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The origin of Fire Dragon Dance can be traced to over hundred years ago in Tai Hang, Hong Kong. After suffering from a storm, the people of Pok Fu Lam Village were attacked by a snake that destroyed the village's peace. The villagers caught and killed the snake but in the days following the snake's death, plague broke out in Tai Hang.

A village elder proclaimed Buddha came to him in a dream, advising that to stop the misfortune, they must perform a fire dragon dance around the village for three days and three nights. The villagers obliged and miraculously, the plague went away. Thus began the tradition of the Fire Dragon.


To this day, the Fire Dragon Dance is the main activity of the Mid-Autumn celebration in Pok Fu Lam, and is a traditional custom of the Hakka ethnic group from China.



The Culture and Heritage working group is part of the Chinatown Legacy Stewardship Group, a civic advisory group appointed by the City of Vancouver. The group works with the City of Vancouver’s Chinatown Transformation Team on Chinatown’s culture and heritage development, a key component in the work towards the City of Vancouver’s commitment to nominating Chinatown for UNESCO world heritage site designation (commitment made by City Council on April 22, 2018.)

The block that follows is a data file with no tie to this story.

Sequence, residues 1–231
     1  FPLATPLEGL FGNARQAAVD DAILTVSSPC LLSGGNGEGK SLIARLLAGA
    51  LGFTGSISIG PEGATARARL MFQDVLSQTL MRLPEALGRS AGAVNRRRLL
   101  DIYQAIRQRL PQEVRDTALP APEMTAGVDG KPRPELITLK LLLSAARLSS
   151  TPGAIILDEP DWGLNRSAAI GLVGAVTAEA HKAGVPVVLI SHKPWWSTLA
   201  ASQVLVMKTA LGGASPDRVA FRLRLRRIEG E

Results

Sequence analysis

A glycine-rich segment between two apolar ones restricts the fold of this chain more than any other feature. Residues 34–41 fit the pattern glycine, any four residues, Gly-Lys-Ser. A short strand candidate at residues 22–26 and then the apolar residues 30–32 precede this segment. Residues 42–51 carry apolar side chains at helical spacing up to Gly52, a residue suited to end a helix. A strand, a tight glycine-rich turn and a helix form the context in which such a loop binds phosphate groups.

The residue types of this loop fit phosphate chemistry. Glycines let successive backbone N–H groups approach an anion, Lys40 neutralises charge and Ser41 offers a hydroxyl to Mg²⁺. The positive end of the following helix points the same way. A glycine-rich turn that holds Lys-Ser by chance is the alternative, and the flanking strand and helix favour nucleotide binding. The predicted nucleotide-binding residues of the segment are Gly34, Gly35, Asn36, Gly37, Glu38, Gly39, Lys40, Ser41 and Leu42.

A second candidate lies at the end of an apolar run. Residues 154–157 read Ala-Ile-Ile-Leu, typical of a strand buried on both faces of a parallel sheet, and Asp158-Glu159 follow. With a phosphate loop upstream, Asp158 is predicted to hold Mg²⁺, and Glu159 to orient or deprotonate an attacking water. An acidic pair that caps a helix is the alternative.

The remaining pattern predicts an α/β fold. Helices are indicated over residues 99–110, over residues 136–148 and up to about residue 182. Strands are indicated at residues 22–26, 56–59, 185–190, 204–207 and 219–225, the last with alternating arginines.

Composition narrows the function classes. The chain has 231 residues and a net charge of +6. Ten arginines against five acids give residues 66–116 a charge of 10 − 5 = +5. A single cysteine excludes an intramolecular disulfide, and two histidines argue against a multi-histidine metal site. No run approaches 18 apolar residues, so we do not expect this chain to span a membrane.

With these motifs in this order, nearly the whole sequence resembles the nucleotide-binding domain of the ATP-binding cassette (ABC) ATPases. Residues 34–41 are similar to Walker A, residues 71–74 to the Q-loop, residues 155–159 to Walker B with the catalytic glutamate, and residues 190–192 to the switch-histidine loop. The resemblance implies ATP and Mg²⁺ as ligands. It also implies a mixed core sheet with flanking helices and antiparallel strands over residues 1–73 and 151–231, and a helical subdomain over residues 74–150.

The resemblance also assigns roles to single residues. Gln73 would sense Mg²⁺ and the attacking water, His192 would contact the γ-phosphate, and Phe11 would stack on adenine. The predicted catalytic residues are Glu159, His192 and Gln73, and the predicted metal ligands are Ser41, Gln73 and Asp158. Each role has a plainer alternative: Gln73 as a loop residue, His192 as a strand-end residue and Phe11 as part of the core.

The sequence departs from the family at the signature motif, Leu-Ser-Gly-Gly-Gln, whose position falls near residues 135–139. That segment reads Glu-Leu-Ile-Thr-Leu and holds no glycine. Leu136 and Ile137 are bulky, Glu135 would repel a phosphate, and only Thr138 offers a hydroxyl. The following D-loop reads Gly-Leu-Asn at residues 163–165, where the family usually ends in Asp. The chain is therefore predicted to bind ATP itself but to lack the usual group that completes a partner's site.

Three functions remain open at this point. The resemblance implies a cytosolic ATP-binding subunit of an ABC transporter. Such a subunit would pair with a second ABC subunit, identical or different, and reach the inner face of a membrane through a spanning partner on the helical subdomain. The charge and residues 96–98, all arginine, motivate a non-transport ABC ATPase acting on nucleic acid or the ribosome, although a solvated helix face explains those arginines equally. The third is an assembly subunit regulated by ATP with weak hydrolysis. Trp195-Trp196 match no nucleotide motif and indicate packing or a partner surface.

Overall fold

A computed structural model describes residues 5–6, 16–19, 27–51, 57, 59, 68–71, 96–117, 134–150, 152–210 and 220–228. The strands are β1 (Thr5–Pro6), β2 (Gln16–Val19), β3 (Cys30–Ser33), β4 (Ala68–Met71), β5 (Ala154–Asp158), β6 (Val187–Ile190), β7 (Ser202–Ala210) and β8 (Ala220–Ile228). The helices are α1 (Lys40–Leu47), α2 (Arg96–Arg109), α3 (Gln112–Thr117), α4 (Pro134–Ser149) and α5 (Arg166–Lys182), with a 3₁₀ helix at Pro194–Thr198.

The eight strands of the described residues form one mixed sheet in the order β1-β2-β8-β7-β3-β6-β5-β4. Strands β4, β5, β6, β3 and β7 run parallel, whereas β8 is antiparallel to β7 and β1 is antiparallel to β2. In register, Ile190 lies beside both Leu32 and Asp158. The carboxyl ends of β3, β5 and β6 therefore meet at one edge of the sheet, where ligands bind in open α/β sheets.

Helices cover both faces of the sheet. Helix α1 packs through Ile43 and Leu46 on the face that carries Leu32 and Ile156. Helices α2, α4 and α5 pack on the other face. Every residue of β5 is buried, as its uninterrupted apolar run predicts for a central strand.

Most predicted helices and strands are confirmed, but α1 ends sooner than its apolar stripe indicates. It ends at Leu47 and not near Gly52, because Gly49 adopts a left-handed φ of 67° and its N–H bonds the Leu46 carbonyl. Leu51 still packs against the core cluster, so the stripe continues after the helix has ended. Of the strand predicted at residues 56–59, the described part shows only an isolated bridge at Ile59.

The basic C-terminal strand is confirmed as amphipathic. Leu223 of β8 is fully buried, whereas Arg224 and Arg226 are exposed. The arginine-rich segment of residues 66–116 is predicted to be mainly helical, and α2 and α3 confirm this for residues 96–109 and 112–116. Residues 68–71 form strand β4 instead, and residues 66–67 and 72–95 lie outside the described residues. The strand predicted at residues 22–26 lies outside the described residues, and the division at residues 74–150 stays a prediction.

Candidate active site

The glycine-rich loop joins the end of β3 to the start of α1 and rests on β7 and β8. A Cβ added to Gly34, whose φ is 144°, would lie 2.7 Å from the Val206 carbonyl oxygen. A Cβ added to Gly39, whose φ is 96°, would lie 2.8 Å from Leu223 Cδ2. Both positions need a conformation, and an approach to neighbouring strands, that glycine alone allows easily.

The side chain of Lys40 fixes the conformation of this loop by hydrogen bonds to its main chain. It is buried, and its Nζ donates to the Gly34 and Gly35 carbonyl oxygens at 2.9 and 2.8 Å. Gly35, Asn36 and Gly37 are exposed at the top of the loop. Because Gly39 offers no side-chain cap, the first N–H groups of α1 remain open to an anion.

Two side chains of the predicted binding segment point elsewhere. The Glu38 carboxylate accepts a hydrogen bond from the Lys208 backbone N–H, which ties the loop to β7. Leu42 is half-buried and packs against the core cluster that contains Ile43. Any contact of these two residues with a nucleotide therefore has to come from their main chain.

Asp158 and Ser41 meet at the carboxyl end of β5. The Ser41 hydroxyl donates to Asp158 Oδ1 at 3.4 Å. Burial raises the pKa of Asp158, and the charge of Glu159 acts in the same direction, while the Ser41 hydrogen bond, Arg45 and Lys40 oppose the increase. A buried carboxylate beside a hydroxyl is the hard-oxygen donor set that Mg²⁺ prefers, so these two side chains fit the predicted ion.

The working group’s focus is to promote, conserve and activate Chinatown’s cultural heritage, both tangible and intangible, and to work with the City of Vancouver on a management plan for the cultural heritage assets in Vancouver Chinatown.

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